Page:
The original design was rather painful to work with, and ugly, so I put this together which is a little nicer. The button, switch, chip socket, and cable socket are one ElectroCookie Snappable PCB. I like those PCBs as they have three-hole strips.
I found some decent sockets that fit the old chips (2732A and 2764 EPROMs). In retrospect, I maybe should have got a zero-insertion force sockets where you just drop the chip in and pull the lever to tighten.
With this setup, I can have one ribbon cable going from this board to the Mega. I didn’t know what kind of cable or cable-connectors I needed to fit this 36 pin setup, so I made a cable using the commonplace loose-end Arduino ribbon cable. The pins bend rather easily, but it is better than the previous setup.
I’m still using magnet wire – for which I’ve developed a love/hate relationship. The magnet wire looks nice, is easy to cut, and one roll lasts pretty much forever. But it is rather a pain because (1) you have to boil the coating off the ends of each piece of wire with solder before you use it, and (2) you have to put a blob off solder in the hole first and then reheat it to stick the magnet wire in. Regular insulated wire, that is sized correctly for the hole, is sounding very appealing at this point. But, it works.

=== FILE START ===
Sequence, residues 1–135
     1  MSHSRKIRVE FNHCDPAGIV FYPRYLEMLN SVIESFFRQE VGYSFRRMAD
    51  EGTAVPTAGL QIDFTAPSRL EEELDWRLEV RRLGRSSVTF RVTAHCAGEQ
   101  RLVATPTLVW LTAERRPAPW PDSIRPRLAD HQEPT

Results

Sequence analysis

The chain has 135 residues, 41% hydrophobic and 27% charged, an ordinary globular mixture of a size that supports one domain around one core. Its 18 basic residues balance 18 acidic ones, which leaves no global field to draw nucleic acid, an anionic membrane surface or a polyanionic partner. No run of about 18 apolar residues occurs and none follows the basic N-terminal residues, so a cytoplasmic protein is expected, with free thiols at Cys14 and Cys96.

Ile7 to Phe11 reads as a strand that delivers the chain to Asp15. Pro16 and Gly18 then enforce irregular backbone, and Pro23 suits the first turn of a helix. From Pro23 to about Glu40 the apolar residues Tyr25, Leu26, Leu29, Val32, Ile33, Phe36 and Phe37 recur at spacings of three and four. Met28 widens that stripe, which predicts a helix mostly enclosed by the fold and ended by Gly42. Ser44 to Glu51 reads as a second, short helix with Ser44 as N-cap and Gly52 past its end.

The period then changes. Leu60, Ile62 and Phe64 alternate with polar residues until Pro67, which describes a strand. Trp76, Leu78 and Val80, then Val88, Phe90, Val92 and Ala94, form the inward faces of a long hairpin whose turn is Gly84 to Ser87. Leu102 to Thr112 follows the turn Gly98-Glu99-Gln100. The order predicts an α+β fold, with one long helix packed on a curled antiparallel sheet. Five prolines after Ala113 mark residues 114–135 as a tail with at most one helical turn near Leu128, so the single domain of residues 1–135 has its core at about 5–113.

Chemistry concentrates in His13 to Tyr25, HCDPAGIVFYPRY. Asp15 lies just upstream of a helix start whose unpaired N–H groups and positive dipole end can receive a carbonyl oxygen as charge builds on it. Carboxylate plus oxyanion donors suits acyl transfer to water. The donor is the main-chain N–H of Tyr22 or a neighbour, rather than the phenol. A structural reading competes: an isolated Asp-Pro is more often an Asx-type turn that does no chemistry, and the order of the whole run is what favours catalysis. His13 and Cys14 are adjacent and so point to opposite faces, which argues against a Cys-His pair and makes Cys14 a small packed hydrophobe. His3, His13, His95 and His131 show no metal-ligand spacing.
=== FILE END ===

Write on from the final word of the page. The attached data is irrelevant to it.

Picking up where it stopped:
Something fun I learned in the process: I wrote a Forth script for testing the pin connections. The output of the script comes from Mega over UART (serial), but I used vte style escape codes to keep the display fixed and updated on one part of the terminal screen.